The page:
Birth mothers want to be called “mom,” or “mother,” but you want to refer to her as “birth mom.” Your son would like to call her, “tummy mommy,” but his birth mom wants to be referred to as “Mom.” What do you do? Older adoptees share their opinions on how we should raise our kids, what we should tell them, what not to say.
Our world is so focused on always being politically correct, and yes, there’s definitely a necessity for that, but it seems that in the case of adoption it takes away from what adoptive parents want. It’s as if our opinions don’t matter, and I’ve been told by adoptees exactly that, my feelings and perspectives don’t matter. Other parents have been told by their child’s biological family what to do and what terminology to use. But my feelings as an adoptive parent do matter, because I’m the one who adopted my child, I’m the one who’s raising them.
As for the opinions on biological families, for some adoptive families it works well to have the birth families (or some of use the term “biological family”) over for holiday celebrations, but for others that would be *beep* on wheels. It would not go well, and it wouldn’t benefit our children. Why? Because each of our children have different stories, different backgrounds, different needs, different relationships with their biological families.
No one person can tell everyone else what to do with their adopted or foster children. Just as in families who have all biological children, you won’t see two families who do things exactly alike. No one group of adoptees can tell every adoptive family how to raise their kids and how it’s going to end up in the future.
Is it important listen to adoptees? Absolutely. However, when their opinions come with too many absolutes, then it’s time to beware. As adoptive parents we can also choose the voices we want to surround ourselves with. We can hear the less positive opinions from adoptees about adoption and foster care, but we can choose not to surround ourselves with it after hearing it the first time.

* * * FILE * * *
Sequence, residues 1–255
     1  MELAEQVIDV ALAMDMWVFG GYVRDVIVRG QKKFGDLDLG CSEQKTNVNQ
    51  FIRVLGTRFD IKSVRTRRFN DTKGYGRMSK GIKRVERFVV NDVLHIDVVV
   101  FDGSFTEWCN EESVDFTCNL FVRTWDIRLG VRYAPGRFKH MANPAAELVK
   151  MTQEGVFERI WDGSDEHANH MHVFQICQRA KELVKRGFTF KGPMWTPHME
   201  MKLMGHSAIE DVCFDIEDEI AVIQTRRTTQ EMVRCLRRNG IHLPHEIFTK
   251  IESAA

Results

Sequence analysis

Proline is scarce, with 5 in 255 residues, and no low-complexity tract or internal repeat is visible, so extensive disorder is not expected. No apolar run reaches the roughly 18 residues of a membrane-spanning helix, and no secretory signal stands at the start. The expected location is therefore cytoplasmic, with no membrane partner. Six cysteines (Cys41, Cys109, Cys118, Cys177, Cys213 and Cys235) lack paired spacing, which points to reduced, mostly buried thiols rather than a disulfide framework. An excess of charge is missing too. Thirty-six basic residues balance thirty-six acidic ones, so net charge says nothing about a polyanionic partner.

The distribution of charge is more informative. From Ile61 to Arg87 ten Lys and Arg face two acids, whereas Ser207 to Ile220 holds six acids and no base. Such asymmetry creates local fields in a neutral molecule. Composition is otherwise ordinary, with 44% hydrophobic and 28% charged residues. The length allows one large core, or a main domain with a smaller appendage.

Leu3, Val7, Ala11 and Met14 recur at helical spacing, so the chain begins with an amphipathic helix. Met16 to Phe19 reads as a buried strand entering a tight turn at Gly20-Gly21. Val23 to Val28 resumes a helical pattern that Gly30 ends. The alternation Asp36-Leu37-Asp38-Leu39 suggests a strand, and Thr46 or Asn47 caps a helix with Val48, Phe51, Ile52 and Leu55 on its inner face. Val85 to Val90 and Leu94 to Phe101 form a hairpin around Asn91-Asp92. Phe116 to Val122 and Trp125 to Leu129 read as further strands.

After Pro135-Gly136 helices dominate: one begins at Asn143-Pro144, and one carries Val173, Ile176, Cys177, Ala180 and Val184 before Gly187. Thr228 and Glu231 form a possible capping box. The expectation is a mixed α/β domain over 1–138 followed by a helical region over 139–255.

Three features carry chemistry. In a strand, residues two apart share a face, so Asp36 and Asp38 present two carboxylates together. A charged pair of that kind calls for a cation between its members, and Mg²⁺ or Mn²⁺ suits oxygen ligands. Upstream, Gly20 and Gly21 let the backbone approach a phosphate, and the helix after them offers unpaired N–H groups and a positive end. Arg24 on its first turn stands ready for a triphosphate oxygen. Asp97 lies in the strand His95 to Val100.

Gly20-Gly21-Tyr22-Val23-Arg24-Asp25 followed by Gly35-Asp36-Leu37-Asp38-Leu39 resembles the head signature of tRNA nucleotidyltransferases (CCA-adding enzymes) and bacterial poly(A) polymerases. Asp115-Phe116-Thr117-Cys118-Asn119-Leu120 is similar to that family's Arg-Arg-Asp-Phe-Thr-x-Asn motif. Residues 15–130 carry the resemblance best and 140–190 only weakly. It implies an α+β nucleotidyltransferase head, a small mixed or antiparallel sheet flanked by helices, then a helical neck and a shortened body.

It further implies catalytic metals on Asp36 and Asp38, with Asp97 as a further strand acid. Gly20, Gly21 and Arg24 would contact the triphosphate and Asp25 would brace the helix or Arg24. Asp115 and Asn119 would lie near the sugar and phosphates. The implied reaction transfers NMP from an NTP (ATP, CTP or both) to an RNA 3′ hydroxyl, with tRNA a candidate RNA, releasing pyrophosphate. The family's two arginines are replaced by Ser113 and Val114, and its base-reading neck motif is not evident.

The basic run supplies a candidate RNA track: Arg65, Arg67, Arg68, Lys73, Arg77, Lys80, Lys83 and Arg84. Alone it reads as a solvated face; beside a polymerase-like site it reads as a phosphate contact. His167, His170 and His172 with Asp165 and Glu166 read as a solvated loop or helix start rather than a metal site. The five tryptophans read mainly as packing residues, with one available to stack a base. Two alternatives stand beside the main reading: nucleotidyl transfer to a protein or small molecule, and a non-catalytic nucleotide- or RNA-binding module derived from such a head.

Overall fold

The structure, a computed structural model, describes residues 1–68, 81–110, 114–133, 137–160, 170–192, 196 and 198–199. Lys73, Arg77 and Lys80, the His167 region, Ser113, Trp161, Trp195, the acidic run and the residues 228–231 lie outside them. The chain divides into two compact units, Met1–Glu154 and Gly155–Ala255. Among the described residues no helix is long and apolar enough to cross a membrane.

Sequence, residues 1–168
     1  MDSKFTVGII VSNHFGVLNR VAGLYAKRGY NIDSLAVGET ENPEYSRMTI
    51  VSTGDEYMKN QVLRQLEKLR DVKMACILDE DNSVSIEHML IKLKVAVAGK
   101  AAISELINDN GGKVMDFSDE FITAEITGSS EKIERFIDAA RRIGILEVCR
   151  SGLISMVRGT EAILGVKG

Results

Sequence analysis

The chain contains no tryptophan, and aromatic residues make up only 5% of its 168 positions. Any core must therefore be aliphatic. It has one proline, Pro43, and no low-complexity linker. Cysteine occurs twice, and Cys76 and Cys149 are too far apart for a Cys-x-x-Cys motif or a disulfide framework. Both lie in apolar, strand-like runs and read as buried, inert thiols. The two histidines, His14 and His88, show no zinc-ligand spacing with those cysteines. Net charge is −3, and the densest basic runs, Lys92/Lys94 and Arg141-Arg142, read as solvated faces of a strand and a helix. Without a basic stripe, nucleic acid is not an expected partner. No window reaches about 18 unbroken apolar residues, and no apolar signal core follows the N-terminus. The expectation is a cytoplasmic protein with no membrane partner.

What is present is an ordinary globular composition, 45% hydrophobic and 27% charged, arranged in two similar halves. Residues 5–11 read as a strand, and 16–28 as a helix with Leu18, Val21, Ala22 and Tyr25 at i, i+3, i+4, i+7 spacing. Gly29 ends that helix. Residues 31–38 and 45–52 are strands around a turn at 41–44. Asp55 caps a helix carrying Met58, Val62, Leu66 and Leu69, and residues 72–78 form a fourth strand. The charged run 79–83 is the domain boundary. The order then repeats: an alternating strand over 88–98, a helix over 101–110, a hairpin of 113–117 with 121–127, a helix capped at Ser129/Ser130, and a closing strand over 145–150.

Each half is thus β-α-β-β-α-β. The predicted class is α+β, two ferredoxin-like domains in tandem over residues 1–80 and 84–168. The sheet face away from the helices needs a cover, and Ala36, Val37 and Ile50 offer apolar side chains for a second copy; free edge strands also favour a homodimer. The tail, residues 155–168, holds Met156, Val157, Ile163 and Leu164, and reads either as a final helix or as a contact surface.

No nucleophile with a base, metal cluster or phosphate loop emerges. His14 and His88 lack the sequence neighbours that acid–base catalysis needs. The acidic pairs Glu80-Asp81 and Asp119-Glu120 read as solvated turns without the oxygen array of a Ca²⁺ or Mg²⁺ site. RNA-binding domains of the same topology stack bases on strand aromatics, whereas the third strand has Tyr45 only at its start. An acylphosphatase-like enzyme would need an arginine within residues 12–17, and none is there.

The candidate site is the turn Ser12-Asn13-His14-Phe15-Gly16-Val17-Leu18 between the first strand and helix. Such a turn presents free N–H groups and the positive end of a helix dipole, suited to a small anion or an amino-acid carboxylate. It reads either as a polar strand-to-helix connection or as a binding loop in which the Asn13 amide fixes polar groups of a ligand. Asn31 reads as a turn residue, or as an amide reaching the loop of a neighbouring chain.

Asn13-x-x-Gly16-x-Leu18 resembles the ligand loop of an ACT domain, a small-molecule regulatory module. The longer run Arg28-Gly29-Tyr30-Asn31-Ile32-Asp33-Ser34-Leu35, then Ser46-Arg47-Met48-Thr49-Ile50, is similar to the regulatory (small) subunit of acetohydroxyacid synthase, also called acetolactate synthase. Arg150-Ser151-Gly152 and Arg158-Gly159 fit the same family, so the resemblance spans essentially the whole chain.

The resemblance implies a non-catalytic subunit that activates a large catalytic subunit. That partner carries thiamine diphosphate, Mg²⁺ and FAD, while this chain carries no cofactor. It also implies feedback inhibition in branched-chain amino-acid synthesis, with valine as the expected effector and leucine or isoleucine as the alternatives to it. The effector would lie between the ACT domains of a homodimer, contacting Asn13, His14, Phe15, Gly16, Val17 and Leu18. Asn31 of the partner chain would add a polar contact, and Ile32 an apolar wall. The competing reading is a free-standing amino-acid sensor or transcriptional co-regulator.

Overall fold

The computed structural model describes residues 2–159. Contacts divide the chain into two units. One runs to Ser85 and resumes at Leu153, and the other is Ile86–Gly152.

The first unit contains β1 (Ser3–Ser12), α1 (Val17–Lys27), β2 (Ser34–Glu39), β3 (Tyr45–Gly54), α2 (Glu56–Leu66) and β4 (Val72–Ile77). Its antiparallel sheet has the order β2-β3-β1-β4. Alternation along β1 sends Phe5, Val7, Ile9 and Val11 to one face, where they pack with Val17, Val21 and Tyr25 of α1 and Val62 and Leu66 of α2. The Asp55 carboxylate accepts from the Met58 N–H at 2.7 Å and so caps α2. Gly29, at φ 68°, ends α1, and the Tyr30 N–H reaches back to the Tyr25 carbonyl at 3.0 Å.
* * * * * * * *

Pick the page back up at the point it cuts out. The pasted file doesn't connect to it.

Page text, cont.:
After hearing what those involved with Flip the Script had to say, I was told I didn’t want to hear what they had to say. I wasn’t the deaf one, I heard them.
It’s kind of like a pregnant woman. Does she want to hear negativity from the mother whose birthing experience was horrible, endless hours of excruciating pain, how carrying that child wrecked her back, she was bed-ridden, unable to do anything she enjoyed. Or, do would the newly pregnant mother want to surround herself with mothers who had a good, positive experience? Will she hear the negative? Yes. But what will she choose to listen to the most. And I would like to add, it’s ALL in the way it’s said.
Many adoptees involved in the Flip the Script movement tell us we need to listen to them, and that us adoptive parents don’t matter in the equation.
Madeleine Melcher wrote an article, What an Adoptee Wants You to Know About Adoption. In it she says, “Parents: there is no voice on or about adoption that is more important than YOUR ADOPTEE’S.” She also says,
“Adoptees have different feelings about their own adoptions.”
I love what Madeleine says. It’s true, our children’s voice comes first. Then come ours (shocker) because we’re the ones raising them. We should listen to others who’ve been there, but we get to choose who we want to surround ourselves with.
Unlike what some adoptees would like us to think, each child will have their own views of their adoption. Yes, it’s up to us parents to listen to a variety of voices on the subject, including those who’ve been adopted and fostered, but those voices are going to vary too.
Because everyone has their own story, shaped by their own experience.
Here are some more posts that may interest you:
Are Your Worries About Your Child’s Future Stealing Joy from the Present?
Birth Family Relationships
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